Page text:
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Tour de France

2011 Tour route to suit climbers

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Astana's Alberto Contador of Spain cycles during the 16th stage of the Tour de France cycling race between Bagneres-de-Luchon and Pau

Image credit: Reuters

ByReuters
19/10/2010 at 13:38 | Updated 19/10/2010 at 13:38

The 2011 Tour de France route will perfectly suit climbers such as Alberto Contador although it remains unclear whether the three-times champion will be allowed to take part.

The Spaniard has been provisionally suspended pending further investigations into his positive test for the anabolic agent clenbuterol.

Should, however, the 2007, 2009 and 2010 champion take part next year he will find the route ideal.

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There are four mountaintop finishes - two in the Pyrenees, two in the Alps - for 2011 with a prestigious mountain finale on the Alpe d'Huez two days before the Champs Elysees parade.

"We wanted a balanced route. We tried to keep the suspense for the Alps but also to have a big battle as early as the Pyrenees," Tour director Christian Prudhomme told a few selected reporters before the official unveiling ceremony.

The Tour will start on July 2 in Brittany, the heartland of French cycling and Prudhomme is hoping the opening week will be filled with action.

"That is why we have this finish at Mur de Bretagne (known as the Alpe d'Huez of Brittany)," Prudhomme said.

"I'm confident I'll have a strong team to help me win this tour," said this year's runner-up Andy Schleck of Luxembourg, who left Saxo Bank with his brother Frank to launch a new outfit starting next year.

Schleck, however, did not mention Contador as one of his rivals.

"A lot of riders want to win this Tour, with (Vuelta champion Vincenzo) Nibali, (Ivan) Basso and (Cadel) Evans being strong contenders," he said.

The peloton will then head south through the Pyrenees, where the riders will tackle the testing Col du Tourmalet and also the Col d'Aubisque.

Organisers said they wanted to celebrate the centenary of the Alps in the Tour, with the punishing Col du Galibier section twice on the menu.

Image credit: Eurosport

The loss of Contador though would be hugely disappointing for organisers.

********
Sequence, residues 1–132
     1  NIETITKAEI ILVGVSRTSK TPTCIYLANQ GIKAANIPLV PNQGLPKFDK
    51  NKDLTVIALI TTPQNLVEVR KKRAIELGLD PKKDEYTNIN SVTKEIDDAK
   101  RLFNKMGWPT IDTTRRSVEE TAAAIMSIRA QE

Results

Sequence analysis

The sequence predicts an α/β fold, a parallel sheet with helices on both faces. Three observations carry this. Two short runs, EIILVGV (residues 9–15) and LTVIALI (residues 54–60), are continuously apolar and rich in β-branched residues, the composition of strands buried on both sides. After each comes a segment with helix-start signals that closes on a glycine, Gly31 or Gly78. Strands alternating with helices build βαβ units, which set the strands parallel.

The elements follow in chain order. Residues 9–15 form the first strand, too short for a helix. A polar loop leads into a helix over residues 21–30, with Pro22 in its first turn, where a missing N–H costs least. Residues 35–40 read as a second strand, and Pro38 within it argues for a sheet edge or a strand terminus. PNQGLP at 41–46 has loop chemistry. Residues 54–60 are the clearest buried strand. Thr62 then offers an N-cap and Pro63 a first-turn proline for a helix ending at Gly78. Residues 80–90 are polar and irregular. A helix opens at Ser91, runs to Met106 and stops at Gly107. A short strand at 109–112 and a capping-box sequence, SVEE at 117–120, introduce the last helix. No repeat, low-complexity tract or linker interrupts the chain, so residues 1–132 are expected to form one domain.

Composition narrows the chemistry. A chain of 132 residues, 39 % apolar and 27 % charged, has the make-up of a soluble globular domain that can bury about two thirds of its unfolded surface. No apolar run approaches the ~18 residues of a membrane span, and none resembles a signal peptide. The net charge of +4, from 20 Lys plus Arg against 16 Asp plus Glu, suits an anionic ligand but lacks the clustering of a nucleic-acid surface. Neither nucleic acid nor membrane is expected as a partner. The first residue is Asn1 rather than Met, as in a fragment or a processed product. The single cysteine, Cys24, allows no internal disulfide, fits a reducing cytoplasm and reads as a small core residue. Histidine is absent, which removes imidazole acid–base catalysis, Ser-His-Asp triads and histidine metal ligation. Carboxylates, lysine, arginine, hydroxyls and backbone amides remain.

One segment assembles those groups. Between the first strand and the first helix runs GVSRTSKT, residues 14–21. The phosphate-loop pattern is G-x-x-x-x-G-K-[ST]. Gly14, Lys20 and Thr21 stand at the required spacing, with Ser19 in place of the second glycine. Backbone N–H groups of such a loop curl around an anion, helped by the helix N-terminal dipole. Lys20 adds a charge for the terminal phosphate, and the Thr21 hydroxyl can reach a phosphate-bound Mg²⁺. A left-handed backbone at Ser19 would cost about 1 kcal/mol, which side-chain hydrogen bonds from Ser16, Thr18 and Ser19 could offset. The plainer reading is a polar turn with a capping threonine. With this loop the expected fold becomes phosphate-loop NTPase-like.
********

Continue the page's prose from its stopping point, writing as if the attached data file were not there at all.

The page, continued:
The Spaniard has claimed that the banned anabolic agent found in his test came from contaminated meat and the International Cycling Union and the World Anti-Doping Agency are investigating the case further before making a final decision.

"It's a very important case and we need to be compeltely sure (of the facts) when the decision is taken," UCI president Pat McQuaid said.

"It's quite complicated. We are waiting for the results to come back and I don't know how long it's going to take.

"In fairness to Contador, to the Tour de France, we need to go into the details to make sure the decision taken is the right one."

Contador was not seen at Tuesday's ceremony at the Palais des Congres in Paris.

Spain's Secretary of State for Sport Jaime Lissavetzky told Telemadrid he was hoping for a quick resolution to the case because any delay was "damaging for Contador, for cycling and for Spanish sport".

"Suspicion does not mean guilt. We are waiting for the conclusions of the UCI and WADA's investigation," said Prudhomme. "We strongly hope that we won't have to wait too long."

Prudhomme said the Tour would not be harmed if Contador fails to take part.

"We still have 250 cities who applied to host a stage, 50 of them being foreign cities. Barcelona, Salzburg, Krakow were candidates," he said.

"Last week I was in Shanghai and I was amazed by the Chinese's knowledge of the Tour, by their passion for the race.

"The Tour is huge. It is broadcast in 137 countries. In France, it is viewed twice more than Roland Garros (French Open tennis), for example."

Prudhomme, who took over the running of the race in 2006, believes the fight against doping is showing results.

"Pierre Bordry, the former head of the French Anti-Doping Agency, said himself that he thought the vast majority of the peloton is clean," he said.

"Cycling is doing more than any other sport in the fight against doping. If (bloodboosters) EPO, CERA are being detected, it is because cycling is a pioneer in the fight against doping."

Tuesday's ceremony began with a video tribute to former Tour champion Laurent Fignon, who died of cancer earlier this year, with the 4,000 spectators applauding after being shown highlights of the Frenchman's career.highlights of the Frenchman's career.

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